Last Monday night the Balboa Reservoir Community Advisory Committee held a hearing at City Hall to get a citywide perspective on a 50% permanently affordable housing project slated for a vacant lot near public transit and San Francisco City College.
The February 12 meeting was the 26th public hearing on the project, which has been slowly inching its way through San Francisco’s byzantine bureaucratic permitting process since 2014. Although the project could include 2,500 homes, the project is now 1,100 homes due to community opposition to building enough housing to meet demand (NIMBYism).
The meeting confirmed what a new study from the UC Berkeley Terner Center for Housing Innovation recently found: bureaucracy is the main reason San Francisco is the world’s second most expensive city to build a home in. “The most significant and pointless factor driving up construction costs was the length of time it takes for a project to get through the city permitting and development processes,” the authors noted.
San Francisco’s discretionary review process is the single largest contributing factor to high home building costs. Most of the country permits construction “by-right,” meaning if a project meets local zoning and code regulations the developer gets to build. San Francisco insists on an individualized approval process for each project.
The purpose of the meeting was to discuss the project’s fiscal feasibility report. The Balboa Reservoir developers had to hire a consultant to estimate whether building new homes will have a positive or negative impact on city tax revenues. Given that new residents will presumably pay taxes, they found project will bring $4 million to the general tax fund, $1 million to “other,” and $1.2 million to education funding. The project is estimated to cost the city $1.5 million for road maintenance, cops, and fire department. Next the report will go to the budget analyst for review, then to the Board of Supervisors
A spokesman from BRIDGE Housing, an affordable housing developer, testified that they are planning to include more townhomes than originally proposed in response to public comments saying that the area is a single-family home community.
A spokesman from Avalon Bay, the market-rate developer, discussed redesigning the project to take neighborhood character and scale into account. He said community activists requested a “stronger entryway” to ensure the project is “beautiful and compatible with the neighborhood.”
Parking was the biggest point of contention at the meeting.
Commissioner Jon Winston expressed concern over shared parking spots. “I want to be sure city college gets their parking and that parking for residents stays .5 to one.” One speaker claimed that without subsidized parking, City College’s existence is in jeopardy.
“I don’t think car shaming works,” said neighbor Monica Collins. “There are people who can’t afford to live here.” Collins went on to refer to insufficient parking as “ethnic cleansing.” Later Collins took the mic to clarify. “Nothing that I’ve said is my opinion. It’s the real deal.”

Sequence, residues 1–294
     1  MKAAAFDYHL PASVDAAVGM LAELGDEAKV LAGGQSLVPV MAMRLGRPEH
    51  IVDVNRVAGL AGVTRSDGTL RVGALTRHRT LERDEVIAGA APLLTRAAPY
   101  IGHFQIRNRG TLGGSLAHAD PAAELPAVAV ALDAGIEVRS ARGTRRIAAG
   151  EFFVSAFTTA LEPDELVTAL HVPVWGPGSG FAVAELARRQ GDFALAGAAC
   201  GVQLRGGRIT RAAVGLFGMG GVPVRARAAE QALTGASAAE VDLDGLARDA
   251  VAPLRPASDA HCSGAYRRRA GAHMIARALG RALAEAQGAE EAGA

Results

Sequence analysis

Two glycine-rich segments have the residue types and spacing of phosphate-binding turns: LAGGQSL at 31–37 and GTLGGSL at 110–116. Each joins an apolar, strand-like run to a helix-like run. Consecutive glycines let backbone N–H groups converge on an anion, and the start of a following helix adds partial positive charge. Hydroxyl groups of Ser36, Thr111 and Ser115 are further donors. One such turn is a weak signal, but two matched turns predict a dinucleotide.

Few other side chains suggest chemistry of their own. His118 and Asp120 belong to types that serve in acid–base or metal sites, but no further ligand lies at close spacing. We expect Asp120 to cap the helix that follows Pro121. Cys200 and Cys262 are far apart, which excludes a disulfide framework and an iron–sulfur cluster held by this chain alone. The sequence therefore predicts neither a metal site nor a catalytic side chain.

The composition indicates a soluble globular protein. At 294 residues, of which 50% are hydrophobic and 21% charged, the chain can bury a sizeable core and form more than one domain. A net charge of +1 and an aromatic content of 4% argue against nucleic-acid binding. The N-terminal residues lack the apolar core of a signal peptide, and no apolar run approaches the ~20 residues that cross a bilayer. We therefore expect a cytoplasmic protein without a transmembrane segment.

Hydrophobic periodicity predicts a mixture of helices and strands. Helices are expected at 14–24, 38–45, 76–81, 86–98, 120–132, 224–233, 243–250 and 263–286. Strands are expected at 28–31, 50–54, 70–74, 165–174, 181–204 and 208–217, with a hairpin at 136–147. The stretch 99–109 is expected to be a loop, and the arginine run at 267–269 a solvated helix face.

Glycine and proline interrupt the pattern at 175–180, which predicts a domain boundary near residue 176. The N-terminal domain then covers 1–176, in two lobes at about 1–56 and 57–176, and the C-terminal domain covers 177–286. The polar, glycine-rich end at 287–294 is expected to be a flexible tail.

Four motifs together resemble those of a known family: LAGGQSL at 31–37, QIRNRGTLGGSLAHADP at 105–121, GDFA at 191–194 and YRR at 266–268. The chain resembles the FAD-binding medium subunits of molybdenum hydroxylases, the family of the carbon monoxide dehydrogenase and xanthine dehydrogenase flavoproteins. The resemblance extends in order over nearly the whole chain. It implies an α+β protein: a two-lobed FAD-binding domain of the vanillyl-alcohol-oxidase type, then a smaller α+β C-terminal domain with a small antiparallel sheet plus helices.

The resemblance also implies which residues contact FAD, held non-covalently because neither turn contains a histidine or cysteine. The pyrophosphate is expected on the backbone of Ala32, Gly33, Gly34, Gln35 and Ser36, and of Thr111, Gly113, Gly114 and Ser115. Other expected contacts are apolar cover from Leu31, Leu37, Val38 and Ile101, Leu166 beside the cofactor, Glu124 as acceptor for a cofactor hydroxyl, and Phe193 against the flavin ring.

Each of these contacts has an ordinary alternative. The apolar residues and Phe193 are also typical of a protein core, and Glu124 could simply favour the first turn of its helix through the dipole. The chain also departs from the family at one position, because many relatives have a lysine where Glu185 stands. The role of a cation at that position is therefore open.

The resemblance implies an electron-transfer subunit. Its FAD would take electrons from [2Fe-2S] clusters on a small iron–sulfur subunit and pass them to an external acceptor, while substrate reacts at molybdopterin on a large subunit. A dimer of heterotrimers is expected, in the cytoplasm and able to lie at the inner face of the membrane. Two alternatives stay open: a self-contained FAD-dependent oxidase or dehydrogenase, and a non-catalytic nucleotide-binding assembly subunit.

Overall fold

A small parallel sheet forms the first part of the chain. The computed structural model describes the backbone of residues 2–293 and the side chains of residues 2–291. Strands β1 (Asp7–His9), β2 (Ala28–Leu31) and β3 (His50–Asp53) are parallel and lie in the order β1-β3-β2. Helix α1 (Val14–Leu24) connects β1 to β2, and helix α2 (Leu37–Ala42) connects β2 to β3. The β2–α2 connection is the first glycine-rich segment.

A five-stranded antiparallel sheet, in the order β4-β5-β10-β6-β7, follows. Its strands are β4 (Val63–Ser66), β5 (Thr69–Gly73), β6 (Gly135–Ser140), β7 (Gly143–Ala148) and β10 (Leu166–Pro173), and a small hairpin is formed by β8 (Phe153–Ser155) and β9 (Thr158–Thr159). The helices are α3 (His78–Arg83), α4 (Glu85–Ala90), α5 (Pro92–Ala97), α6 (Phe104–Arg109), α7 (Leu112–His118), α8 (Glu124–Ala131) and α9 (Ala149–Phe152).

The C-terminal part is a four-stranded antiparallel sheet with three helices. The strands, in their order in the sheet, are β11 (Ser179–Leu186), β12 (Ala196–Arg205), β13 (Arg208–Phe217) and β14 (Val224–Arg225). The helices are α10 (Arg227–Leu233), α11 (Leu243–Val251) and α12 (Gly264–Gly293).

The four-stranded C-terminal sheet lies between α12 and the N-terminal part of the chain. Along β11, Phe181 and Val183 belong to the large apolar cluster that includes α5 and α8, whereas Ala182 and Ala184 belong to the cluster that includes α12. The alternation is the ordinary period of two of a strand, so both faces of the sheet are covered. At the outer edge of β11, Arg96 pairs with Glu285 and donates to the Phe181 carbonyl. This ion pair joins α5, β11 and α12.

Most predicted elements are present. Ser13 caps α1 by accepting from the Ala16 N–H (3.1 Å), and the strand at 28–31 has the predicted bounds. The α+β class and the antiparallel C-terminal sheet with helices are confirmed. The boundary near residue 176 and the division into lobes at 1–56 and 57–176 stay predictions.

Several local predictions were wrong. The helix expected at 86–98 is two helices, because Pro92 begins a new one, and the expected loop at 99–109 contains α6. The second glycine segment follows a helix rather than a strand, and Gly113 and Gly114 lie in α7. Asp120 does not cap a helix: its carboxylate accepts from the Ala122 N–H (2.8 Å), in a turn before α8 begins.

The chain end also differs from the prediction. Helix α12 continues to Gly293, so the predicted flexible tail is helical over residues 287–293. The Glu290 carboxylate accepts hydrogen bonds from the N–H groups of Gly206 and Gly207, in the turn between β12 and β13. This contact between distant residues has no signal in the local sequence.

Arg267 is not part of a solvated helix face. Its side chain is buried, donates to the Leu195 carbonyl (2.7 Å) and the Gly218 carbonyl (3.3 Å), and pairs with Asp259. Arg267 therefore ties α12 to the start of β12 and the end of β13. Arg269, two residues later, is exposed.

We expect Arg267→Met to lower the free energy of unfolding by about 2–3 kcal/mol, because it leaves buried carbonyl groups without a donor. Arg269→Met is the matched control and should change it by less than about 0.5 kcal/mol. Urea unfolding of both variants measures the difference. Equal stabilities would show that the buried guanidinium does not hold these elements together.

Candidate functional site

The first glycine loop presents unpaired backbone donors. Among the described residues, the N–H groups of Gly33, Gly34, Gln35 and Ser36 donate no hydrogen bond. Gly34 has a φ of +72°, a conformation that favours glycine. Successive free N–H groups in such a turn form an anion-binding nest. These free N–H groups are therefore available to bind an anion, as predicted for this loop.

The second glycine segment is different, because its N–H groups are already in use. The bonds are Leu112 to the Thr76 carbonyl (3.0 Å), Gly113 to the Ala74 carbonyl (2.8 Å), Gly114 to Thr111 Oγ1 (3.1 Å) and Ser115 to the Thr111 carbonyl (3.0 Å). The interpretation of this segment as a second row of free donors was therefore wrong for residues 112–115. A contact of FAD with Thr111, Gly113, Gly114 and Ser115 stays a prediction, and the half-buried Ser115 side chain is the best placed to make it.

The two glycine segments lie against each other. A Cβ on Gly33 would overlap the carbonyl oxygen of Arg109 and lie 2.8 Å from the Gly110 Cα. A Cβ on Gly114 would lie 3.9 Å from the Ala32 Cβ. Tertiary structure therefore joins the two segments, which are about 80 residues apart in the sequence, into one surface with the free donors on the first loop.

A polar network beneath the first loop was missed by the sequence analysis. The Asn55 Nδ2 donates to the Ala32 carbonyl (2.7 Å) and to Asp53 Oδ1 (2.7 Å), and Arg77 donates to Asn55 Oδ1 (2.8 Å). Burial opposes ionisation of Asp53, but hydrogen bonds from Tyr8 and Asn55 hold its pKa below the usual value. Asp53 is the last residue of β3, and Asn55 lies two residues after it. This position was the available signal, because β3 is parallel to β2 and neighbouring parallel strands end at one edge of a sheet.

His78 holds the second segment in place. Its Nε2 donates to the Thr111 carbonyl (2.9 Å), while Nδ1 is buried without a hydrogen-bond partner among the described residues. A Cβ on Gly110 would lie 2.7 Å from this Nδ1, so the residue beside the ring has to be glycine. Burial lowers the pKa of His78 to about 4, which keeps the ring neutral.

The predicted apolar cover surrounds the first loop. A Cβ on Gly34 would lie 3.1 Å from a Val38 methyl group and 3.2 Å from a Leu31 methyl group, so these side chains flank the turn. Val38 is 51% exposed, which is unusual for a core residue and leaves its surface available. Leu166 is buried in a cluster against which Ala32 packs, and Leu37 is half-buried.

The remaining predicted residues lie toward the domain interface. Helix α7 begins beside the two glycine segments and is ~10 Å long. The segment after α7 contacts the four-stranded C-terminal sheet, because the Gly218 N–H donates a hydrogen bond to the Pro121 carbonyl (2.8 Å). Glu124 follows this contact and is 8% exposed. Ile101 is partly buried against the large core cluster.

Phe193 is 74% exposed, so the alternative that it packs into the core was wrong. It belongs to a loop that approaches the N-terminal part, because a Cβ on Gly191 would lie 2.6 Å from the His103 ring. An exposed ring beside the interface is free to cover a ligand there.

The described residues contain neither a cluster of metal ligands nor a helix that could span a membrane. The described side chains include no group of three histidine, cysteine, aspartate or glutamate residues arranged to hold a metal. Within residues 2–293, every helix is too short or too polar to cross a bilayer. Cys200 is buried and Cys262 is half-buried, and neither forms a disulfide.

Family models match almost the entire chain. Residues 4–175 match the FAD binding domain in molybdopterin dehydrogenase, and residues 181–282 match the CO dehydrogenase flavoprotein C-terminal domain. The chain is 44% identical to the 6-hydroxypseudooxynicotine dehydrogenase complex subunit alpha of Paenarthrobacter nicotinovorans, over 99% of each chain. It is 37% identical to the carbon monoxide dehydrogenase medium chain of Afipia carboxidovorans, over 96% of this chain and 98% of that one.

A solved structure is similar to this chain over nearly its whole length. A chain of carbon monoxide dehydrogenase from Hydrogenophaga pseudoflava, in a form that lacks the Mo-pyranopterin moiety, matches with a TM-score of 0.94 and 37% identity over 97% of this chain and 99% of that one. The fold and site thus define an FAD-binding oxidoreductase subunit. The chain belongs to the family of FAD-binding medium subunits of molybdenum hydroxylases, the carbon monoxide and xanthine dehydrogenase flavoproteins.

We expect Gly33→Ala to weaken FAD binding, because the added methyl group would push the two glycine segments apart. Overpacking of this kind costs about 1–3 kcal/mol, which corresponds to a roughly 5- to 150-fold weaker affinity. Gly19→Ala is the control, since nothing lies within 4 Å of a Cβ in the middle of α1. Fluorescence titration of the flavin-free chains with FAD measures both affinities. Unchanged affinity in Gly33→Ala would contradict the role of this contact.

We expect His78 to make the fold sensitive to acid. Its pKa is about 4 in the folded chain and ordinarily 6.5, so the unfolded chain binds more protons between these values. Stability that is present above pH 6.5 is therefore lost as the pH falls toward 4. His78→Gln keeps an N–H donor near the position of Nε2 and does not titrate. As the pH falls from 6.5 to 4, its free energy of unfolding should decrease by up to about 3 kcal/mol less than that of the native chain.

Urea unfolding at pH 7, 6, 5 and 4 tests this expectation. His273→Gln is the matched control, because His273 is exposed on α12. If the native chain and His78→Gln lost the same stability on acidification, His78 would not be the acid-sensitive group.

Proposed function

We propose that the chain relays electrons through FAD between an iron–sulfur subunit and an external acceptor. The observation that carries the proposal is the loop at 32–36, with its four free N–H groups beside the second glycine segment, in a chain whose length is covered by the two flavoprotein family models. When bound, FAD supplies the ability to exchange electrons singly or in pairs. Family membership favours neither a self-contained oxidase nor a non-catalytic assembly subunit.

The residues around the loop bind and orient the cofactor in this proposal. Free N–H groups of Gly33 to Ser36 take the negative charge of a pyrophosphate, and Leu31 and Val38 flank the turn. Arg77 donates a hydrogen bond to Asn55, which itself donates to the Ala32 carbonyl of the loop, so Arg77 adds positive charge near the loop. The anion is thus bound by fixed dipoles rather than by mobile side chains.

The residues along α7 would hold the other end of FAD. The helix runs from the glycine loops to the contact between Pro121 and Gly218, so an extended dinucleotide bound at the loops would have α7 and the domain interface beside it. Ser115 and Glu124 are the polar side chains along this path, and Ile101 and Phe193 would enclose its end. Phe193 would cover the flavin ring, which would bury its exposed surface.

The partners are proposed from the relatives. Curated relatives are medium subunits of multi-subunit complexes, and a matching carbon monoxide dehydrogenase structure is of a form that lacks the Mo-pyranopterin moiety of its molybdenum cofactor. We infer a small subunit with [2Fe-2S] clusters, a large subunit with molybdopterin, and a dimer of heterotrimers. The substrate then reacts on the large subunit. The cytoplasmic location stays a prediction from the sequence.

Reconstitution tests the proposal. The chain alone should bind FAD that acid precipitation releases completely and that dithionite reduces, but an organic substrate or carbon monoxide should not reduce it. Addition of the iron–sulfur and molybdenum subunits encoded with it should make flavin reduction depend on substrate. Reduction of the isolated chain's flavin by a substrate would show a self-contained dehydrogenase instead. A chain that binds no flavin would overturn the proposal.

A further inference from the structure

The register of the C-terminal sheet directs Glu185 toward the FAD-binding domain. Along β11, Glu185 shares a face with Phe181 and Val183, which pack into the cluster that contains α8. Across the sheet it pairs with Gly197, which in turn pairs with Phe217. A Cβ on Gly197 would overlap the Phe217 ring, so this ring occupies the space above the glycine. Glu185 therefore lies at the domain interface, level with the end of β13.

Other speakers were less concerned about saving parking spaces. And some even preferred building homes for people over homes for cars. One speaker had the wild suggestion that the people who use a parking garage should pay for it.
Others wanted to see the number of homes reduced even further.
“My name is Chris, and I’m concerned about the density of the project,” one opponent of affordable housing said.
Members and supporters of housing advocacy group YIMBY Action showed up en masse to support the project.
The meeting raised as many questions for me as it answered.
How can a city not know whether new residents will be a net plus or minus tax-wise? If a fiscal feasibility report finds that building new homes will be a net cost to the city, does the city then amend the tax code or require the developer to make changes to the plan? If new residents will be a drain, isn’t the solution to amend the tax code, not force developers to shell out cash to consultants to tell you whether or not building new homes will cost the city money?
I’m also wondering whether it’s true that City College, which is free to attend, can’t maintain enrollment without subsidized parking. And if so, whether it would help to continue to subsidize.
The biggest shock for me was when city staff revealed that all 26 meetings over four years have happened before an Environmental Impact Report, design review, and local approval. All of those processes will change the project, meaning the fiscal feasibility report and whatever else we’ve been talking about over the previous 25 meetings won’t be accurate any longer. Why would you run these numbers before CEQA and community review? Those processes always change the proposal, which will mean the fiscal report is no longer accurate. Not only that, but staff estimates that these steps will take another two years to complete.
The orange parts are points in time where the developers are required to offer the public an opportunity to appeal the project and delay the process.
As activist Bobak Esfandiari put it on Twitter, “WE DONT EVEN HAVE PERMISSION TO START THE REAL PROCESS YET FOLKS.”
Designating more projects by-right makes housing more affordable. The State Legislature should also pass SB 827, which will spur construction by zoning the areas around transit hubs for higher density.
Monica Collins may not understand what ethnic cleansing is, but she’s right to be worried about the fact that many people can’t afford to live in this city. Unfortunately our permitting process makes this all-but-inevitable.
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